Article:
Steinberg Institute

Op-Ed: Treat mentally ill offenders, don’t just jail them

Posted by on Sunday, April 17, 2016

Originally published in the San Francisco Chronicle here.

A failure to treat severe mental illness is not just a mark against our state’s humanity; it is an issue of pressing importance to the very functionality of our criminal justice system.

In the past year alone, 45 percent of California’s state prison inmates have been treated for severe mental illness.

That’s right: Nearly half of all inmates suffer from mental health trauma.

That’s why a bipartisan group of criminal justice leaders has joined with Assemblymen Marc Levine of San Rafael, Tony Thurmond of Richmond and Evan Low of San Jose, all Democrats, to propose legislation that will tackle the crisis head-on. This legislation — the Mental Health Justice Act (AB2262) — will enable our judiciary to assign nonviolent mentally ill offenders to desperately needed treatment while allowing our prison and jail personnel to focus on serious, violent criminals.

The Mental Health Justice Act works by allowing an individual with a previously diagnosed mental illness to petition the court to require mental health treatment as part of his or her sentence.

It’s common-sense humanity: Treatment of an illness should be a basic necessity for anyone who passes through the criminal justice system.

For defendants convicted of a nonserious, nonviolent crime, a judge would have the ability to sentence the defendant to a residential mental health treatment facility instead of a traditional jail or prison where they would face significant risk of further deterioration. (Of course, this would not be an option if the defendant could pose a risk of danger to public safety.)

If a defendant is convicted of a more serious crime, the sentencing judge would instead be empowered to require the defendant to be placed in a prison or jail mental health program and require that the prison or jail prepare a post-release mental health treatment plan before that individual is released.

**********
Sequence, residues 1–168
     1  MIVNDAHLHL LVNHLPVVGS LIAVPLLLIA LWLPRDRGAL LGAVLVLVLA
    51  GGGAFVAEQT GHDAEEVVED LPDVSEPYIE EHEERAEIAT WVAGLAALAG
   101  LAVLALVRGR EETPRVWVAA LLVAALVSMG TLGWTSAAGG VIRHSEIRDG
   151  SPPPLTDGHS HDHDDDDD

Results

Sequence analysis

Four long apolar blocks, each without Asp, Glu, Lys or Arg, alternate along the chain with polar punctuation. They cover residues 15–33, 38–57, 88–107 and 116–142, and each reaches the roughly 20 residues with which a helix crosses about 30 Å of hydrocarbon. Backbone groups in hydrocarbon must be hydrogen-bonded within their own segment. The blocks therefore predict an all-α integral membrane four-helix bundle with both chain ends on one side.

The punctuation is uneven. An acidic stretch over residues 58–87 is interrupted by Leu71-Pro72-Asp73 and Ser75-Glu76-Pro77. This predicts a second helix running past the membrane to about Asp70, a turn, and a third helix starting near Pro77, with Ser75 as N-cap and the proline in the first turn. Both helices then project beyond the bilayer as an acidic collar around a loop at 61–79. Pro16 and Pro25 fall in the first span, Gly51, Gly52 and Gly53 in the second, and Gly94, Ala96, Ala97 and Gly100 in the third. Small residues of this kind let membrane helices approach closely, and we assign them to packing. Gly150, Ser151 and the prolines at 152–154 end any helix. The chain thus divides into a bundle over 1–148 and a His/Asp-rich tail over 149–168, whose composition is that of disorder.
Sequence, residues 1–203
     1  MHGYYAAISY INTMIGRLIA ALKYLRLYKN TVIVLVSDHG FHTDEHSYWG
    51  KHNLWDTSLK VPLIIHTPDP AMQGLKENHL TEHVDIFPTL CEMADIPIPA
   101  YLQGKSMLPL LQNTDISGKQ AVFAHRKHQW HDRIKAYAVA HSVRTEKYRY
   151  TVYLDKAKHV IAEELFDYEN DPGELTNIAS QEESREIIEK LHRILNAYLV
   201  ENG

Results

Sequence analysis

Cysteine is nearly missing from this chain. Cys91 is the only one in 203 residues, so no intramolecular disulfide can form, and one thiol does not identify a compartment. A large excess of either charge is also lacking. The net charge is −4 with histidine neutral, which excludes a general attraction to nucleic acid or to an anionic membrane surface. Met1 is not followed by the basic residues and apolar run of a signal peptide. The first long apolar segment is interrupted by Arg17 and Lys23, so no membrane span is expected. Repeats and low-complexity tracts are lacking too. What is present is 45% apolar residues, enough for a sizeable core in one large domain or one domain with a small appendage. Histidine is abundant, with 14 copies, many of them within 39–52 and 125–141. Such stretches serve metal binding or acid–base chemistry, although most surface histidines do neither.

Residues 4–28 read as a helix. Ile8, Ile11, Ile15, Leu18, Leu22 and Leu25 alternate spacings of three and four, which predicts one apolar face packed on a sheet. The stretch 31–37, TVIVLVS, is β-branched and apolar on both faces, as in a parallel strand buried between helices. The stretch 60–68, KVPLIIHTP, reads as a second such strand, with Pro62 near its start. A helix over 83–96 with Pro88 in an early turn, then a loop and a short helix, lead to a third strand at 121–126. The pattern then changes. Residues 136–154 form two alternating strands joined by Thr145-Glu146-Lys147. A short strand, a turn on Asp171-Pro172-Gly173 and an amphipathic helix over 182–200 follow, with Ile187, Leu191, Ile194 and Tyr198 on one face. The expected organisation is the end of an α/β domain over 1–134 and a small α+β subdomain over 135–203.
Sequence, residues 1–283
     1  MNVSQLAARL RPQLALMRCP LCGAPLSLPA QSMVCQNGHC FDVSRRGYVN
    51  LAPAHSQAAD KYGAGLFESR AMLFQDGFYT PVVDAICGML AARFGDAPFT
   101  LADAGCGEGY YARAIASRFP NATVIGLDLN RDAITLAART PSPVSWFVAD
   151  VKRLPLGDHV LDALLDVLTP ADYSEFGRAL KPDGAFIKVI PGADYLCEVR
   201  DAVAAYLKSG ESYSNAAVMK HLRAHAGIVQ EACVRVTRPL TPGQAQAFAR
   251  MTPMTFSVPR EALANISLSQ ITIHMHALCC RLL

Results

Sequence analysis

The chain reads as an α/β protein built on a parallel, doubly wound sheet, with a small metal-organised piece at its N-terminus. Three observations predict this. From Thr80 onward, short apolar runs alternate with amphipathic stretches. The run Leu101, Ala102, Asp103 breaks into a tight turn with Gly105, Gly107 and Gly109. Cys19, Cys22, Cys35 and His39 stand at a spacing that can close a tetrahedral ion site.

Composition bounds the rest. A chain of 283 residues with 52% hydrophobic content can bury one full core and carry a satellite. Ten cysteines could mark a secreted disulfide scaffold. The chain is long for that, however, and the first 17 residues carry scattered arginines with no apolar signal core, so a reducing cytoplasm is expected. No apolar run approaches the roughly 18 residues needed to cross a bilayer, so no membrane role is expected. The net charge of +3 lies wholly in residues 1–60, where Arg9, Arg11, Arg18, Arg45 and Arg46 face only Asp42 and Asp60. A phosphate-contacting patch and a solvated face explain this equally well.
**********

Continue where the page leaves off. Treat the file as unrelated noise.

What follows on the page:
During the past 15 years, the number of people requiring mental health treatment in prison has almost doubled, so that our jails and prisons have become California’s de facto mental hospitals.

The discretion granted to judges by the Mental Health Justice Act is a practical approach that will help ensure individuals who live with a mental illness receive the treatment they need, rather than simply being warehoused in a way that exacerbates their mental illness.

It’s more effective not only to those suffering; it’s more effective at deterring crime as well: Studies have found that individuals who participate in mental health courts and receive the treatment they need reoffend at one-third of the rate of those who do not.

From a budget perspective, mental health courts in other states have been demonstrated to save as much as $7 in costs for every $1 spent. That means more resources to focus on serious, violent criminals.

Although there are certainly not enough community-based mental health treatment services in California, and I hope this legislation helps draw additional attention and resources to the shortfall, some programs do exist and can be enlisted to help solve this problem.

The status quo is a disgrace — one that is unjust to the millions of individuals and family members who are suffering, as well as to the correctional officers who are forced to manage a crisis diverting resources away from serious criminals.

A failure to treat severe mental illness is not just a mark against our state’s humanity; it is an issue of pressing importance to the very functionality of our criminal justice system.

By passing the Mental Health Justice Act, we can begin setting a new course — one that takes a more just, more effective approach to the intersection between mental illness and criminal justice.

– Darrell Steinberg is the former state Senate president pro tem and founder of the Steinberg Institute.

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